Fun times with random IPSec corruption

Let me tell you a story of woe, intermittent/random corruption, and confusion.


We had reason to stand up a new VPN, from a new data center, to a VPC in AWS. For some semi-philsophical semi-technical reasons, this was not a "VPC VPN", but rather a GRE-over-IPSec tunnel to an EC2 instance inside the VPC, and it was the first of this kind we'd deployed (i.e. GRE over IPSec, to/from AWS).

Pre-problem 1: Racoon sucks.

It sucks even harder when there is the sort of NAT going on in AWS (the bi-directional NAT, where the instance has an RFC-1918 address on it's network interface, and that is NAT'd in both directions to its assigned "Elastic IP", by the networking layer of AWS.

The upshot is that the IP that the non-AWS end thinks of the AWS end as having is not the IP address on eth0 on said EC2 instance. In the end, a colleague of mine discovered a combination of NAT and duplicated ipsectools configuration that mostly worked, most of the time. Even he didn't truly understand how/why it worked, but it did.

The actual problem: round 1

With the VPN up, and ping working, it was time to pass some real traffic. The primary purpose of this VPN was for backup traffic, so, we fired up dirvish and initiated the rsync-over-ssh. Within seconds, BOOM. Checking the rsync logs, I saw "Corrupted MAC on input" and "Bad packet length" messages. Well, that's weird.

Retry: BOOM, same again.

Never at quite the same point, i.e. it wasn't a single file that caused the problem.

Eliminations steps:

It's all a bit of a blur now, and this was spread over several days, but here's some of the things we tried:

  1. Eliminate software: rsync over ssh is two layers of complexity; the messages are nominally from ssh, but it's not clear that rsync isn't involved in causing them. So, we tried scp instead. Same results.
  2. Eliminate hops: the first rsyncs were with a source/target one hop either side of the VPN terminators. So, we moved to just SCP between the IPSec endpoints, eventually just over the GRE tunnel itself (so to/from the link-net IP addresses on the GRE interface itself. Same results, although we did tend to get further through the file before it fell over.
  3. The most common google result for these messages implicated various "offload" functionality on network interface cards (e.g. Transmit/Receive Segmentation offload). This certainly seemed the most plausible possibility. Sadly, disabling all available such options on all the hops had no effect.
  4. MTU: The GRE tunnel encapsulation was definitely reducing the MTU and it was possible something in the path was behaving badly as a result. So, we tried dropping the MTU on all the interfaces involved, right down to 576 bytes, but without any positive effect.
  5. Change the IPSec software: given the issues and hackery required with racoon (noted earlier), it seemed worth trying something else. The non-AWS end was already using StrongSwan, so we converted the AWS end to that also. The configuration was simpler and clearer (not requiring quite the level of hackery), which was a win. But it still didn't solve our corruption problem.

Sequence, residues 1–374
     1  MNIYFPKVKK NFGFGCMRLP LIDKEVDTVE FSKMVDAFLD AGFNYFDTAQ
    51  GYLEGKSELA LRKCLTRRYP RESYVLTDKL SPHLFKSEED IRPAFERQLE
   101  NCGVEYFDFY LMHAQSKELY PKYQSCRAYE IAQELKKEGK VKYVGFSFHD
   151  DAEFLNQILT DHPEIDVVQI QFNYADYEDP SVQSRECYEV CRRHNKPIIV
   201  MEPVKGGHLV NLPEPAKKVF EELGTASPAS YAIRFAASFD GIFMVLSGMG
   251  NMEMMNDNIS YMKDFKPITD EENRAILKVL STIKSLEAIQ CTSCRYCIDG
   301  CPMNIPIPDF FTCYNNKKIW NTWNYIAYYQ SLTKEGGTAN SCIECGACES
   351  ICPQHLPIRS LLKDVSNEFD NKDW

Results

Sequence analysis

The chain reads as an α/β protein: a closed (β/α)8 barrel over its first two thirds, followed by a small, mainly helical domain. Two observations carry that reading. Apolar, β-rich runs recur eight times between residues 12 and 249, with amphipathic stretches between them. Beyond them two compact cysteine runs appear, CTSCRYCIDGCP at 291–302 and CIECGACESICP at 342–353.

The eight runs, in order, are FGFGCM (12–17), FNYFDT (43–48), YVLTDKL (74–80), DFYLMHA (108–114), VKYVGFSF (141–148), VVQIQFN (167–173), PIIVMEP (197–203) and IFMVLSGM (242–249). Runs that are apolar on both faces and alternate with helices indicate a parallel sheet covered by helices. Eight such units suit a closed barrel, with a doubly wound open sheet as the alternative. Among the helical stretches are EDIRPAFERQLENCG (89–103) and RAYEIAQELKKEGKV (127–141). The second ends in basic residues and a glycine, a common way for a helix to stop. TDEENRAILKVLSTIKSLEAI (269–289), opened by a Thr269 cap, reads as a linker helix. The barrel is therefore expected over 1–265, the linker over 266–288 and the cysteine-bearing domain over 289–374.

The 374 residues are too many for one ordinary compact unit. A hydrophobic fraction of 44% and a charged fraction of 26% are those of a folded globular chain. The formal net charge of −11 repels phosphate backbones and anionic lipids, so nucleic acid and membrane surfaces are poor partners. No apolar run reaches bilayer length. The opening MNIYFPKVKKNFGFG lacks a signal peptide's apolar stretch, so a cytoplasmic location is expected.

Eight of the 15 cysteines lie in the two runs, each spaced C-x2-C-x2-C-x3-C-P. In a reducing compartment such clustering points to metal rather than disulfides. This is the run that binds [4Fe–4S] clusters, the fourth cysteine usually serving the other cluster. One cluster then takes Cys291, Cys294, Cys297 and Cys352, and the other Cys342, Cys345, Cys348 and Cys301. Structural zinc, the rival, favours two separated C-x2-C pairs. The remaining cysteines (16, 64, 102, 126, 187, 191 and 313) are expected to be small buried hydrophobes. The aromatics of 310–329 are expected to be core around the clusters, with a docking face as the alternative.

The end game:

Now we were getting mad. All the relatively simple stuff was not it. We weren't sure that this wasn't just some issue specific to SSH. Were we seeing actual corrupted packets, or was SSH being silly? Therefore, my colleague used a ping flood with a 1000+ byte payload of all letter 'a'. With some clever tcpdump and grep on the receiving end, we could see actual corruption in the decrypted ping packets after receipt at the non-AWS end. Intermittently, 16 bytes were simply not the original series of 'a's. This was helpful, as it confirmed it was definitely packet corruption somewhere, not something weirdly openssh-specific

I ended up using some more ping flood + tcpdump + grep, and the ability of a modern version of wireshark to decrypt the encrypted packets, captured as they went over the internet, using the SPI and current encryption/HMAC keys as obtained from "ip xfrm state" from one of the endpoints. This is really really cool to be able to do, and I see myself doing this again in the future.

Doing so, I was able to quickly confirm that the encrypted contents of the packets were corrupted. The HMAC was passing, so it must have been correct, therefore it was the encryption or encapsulation step in AWS that was corrupting the packets (before the HMAC was calculated and shoved into the packet).

My colleague then looked at the AWS endpoint, and asked (nonchalantly, as is his way): "Can you disable the aesni_intel module?".

At this point, I was willing to try anything, so I did. Some modprobe config, a reboot, and the EC2 instance was up with aesni_intel disabled. And our corruption issues went away.

We were gobsmacked. AESNI is a set of instructions (created by Intel, duplicated by AMD et al later) for doing AES on the processor itself, rather than in software (I'll ignore arguments about whether modern microcode on a processor is itself software or not :D). The aesni_intel module is some useful bits of code to wrap that up and presumably do it properly inside a multi-processing kernel. And somehow, that was messing up the encryption. The 16-byte block of corruption made more sense now, that being the size of the blocks that AESNI is working with (at least as far as I could tell). Knowing the right keywords, Google was able to throw up this little gem of a thread:,967232, which is pretty much exactly what we were seeing. Xen + paravirt + aesni_intel => sporadic corruption of the encryption results. The paranoid part of me suspects some sort of state-leakage between guests, which may explain the private RedHat bugzilla bug for this issue. So, aesni_intel on AWS is no-go. At least not if you want consistent encryption results. Who knew? :)